Brussels and gardens, a long and beautiful love story. The best evidence of this is the great number of parks and spaces that fit perfectly into urban geography and offer inhabitants havens of tranquillity and relaxation. In parallel with the biannual Flower Carpet, that needs no introduction, VisitBrussels presents Flowertime 2015. Building on the success of the first edition of this new floral art event in Brussels, it has now decided to organise a second biannual event, that takes up residence during the summer at the very heart of European capital! This year, the summer floral collection will be a master stroke. From 13 to 16 August 2015, the city centre will truly dazzle with plants: from the moment you arrive on the Grand-Place, the Italian garden will offer itself to you so you can walk through it with wide-eyed awe. After that, dive into the universe of the City Hall, lit up all along your walk, so you can admire the talents in action, the beauty of the arrangements and their integration into this 15th Century building.
Baroque: where history transcends time
Its roots are Portuguese: “barrocco” means “big, irregular-shaped rock”. The Italian language adopted this idiom and made it known throughout the world! The current meaning of this strange word is “extravagant”, “unexpected “, and therefore “Irregular”! The Baroque movement thus represents a diversion from classic forms and the freedom of creation, resulting in opulence, fantasy and decoration loaded with whorls, spirals and the use of polychrome marble.
To retrace the origins of Baroque, let’s travel back to the 2nd half of 16th Century Italy. This new movement was to spread its influence all over Europe. The architecture of castles, churches, and urban developments were all to undergo its irresistible influence. Vienna, Prague, Nancy, the Pays de Loire, Germany, England, Denmark and even Russia were in turn enticed by the Baroque style.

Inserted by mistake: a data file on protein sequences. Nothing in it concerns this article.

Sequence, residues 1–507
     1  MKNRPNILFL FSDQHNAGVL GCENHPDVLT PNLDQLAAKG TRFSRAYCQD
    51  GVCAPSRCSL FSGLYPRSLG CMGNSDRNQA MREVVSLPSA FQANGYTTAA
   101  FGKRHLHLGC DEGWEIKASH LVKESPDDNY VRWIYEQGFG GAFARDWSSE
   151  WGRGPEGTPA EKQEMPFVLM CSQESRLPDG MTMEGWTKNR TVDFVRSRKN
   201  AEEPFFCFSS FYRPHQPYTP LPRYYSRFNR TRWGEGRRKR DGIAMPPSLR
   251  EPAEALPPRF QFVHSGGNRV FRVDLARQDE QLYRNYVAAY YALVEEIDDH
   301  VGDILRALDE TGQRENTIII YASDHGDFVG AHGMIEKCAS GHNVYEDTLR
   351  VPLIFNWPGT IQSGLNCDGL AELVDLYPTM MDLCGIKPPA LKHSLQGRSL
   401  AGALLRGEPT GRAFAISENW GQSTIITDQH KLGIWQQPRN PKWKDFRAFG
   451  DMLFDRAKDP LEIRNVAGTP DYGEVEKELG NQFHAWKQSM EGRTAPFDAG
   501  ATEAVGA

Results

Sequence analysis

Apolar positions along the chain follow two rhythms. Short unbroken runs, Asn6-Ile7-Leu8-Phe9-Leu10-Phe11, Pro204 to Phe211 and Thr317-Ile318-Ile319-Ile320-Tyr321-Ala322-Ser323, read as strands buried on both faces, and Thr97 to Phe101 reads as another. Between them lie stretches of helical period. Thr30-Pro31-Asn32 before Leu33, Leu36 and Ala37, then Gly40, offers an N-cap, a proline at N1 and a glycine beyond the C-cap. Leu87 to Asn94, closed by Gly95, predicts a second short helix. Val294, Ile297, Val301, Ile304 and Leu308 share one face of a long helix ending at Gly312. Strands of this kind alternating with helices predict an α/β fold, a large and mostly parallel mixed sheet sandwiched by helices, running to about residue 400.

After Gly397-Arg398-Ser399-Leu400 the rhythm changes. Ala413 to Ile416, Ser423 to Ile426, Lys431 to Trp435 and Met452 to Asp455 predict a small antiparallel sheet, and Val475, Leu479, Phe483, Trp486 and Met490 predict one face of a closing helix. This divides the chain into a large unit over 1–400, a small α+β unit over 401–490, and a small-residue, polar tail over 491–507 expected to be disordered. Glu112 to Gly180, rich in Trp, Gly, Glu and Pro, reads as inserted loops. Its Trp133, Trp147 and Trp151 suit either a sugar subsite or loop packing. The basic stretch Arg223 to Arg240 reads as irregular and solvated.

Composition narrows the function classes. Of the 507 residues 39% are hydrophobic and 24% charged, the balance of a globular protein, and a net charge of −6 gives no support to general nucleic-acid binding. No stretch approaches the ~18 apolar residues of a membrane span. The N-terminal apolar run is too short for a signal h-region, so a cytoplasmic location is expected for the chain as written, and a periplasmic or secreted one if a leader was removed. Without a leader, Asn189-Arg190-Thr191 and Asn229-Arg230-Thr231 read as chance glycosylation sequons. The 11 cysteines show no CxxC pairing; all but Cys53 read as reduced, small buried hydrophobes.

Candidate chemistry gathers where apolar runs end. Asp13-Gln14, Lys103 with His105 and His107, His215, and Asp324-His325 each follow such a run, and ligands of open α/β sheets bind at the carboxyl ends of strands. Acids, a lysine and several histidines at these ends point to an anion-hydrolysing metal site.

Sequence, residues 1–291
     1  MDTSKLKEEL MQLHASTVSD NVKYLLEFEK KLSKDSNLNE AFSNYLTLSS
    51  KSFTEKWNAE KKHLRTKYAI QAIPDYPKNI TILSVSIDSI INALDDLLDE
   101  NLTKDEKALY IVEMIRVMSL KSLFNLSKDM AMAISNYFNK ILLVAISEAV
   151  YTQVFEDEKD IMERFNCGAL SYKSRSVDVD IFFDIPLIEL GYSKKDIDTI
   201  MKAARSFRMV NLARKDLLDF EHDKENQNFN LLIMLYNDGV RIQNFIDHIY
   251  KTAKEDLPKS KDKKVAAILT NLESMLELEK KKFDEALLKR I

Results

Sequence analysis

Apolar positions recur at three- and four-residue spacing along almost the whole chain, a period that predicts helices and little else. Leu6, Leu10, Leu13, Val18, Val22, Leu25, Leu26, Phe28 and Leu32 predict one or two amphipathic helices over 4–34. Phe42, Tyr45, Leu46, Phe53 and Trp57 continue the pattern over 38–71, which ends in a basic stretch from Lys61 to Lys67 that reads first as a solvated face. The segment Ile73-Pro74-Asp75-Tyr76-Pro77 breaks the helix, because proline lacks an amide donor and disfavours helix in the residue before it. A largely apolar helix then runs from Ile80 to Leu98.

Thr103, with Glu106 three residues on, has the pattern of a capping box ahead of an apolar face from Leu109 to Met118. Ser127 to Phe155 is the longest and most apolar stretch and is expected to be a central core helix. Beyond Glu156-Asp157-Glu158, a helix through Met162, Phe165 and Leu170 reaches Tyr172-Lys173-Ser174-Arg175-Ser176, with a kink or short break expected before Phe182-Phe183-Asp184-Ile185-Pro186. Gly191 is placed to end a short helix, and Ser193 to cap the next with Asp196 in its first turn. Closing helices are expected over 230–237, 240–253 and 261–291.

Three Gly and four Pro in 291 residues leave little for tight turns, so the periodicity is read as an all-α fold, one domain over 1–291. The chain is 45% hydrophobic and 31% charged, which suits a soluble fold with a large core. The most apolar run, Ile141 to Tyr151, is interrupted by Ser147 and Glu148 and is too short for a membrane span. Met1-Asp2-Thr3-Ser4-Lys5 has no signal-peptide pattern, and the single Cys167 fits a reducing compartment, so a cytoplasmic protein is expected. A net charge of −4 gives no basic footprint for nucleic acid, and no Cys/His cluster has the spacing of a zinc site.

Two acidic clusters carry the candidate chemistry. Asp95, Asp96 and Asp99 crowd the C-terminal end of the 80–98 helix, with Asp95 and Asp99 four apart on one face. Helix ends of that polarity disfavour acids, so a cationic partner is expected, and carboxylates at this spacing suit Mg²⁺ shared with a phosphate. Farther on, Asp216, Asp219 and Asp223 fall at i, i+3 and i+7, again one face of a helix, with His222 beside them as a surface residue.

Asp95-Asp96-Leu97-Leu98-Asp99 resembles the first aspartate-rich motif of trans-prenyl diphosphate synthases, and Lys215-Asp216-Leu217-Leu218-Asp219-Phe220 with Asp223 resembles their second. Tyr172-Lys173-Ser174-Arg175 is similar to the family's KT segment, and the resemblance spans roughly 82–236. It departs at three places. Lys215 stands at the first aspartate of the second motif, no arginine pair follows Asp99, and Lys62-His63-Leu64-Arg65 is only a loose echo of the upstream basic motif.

Thanks to this movement, curves became generous, the roofs of European church towers gradually took on a graceful roundness, sculptures of chubby-cheeked angels filled the churches and ceilings incorporated the sky, an important part of trompe l’œil frescoes. Light changed, chiaroscuro became fashionable and artists allowed themselves to paint the first special effects in history.
At the same time, this freedom of forms inspired a new art of creating and embellishing gardens. Little by little, they became more creative compositions and botanical theatres. Landscape gardeners created country house spaces, terraces decorated with plants, balconies and mirrors of water in which sculpted fountains were reflected. Geometry incorporated whorls, topiary art and flowers brought colour to the whole space to please the senses.
Gardens became living spaces in their own right… And this is what visitors will discover on the Grand-Place from 13 August. For 4 days, visitors will have the opportunity to walk through the garden of the Grand-Place and will have the unique chance to wander through the magnificent rooms of the City Hall to discover the floral arrangements.
Flowertime is a biannual initiative, whose creators are…
- the City of Brussels,
- the asbl (non-profit organisation) Tapis de fleurs de Bruxelles, organiser of the renowned Brussels Flower Carpet,
- the Floralies Gantoises, who have been pioneers in the world of floral and botanical art in Belgium for centuries,
- the renowned florists of our 3 regions who do us the honour of taking part in this incredible challenge and whose listing you will find at the end of this file.
Flowertime takes place every two years, alternating with an event that is well known by all amateurs of aesthetics: the Brussels Flower Carpet. Brussels is a priceless treasure trove of parks, gardens, forest, and squares – all exceptional green spaces which add to its “green melody”.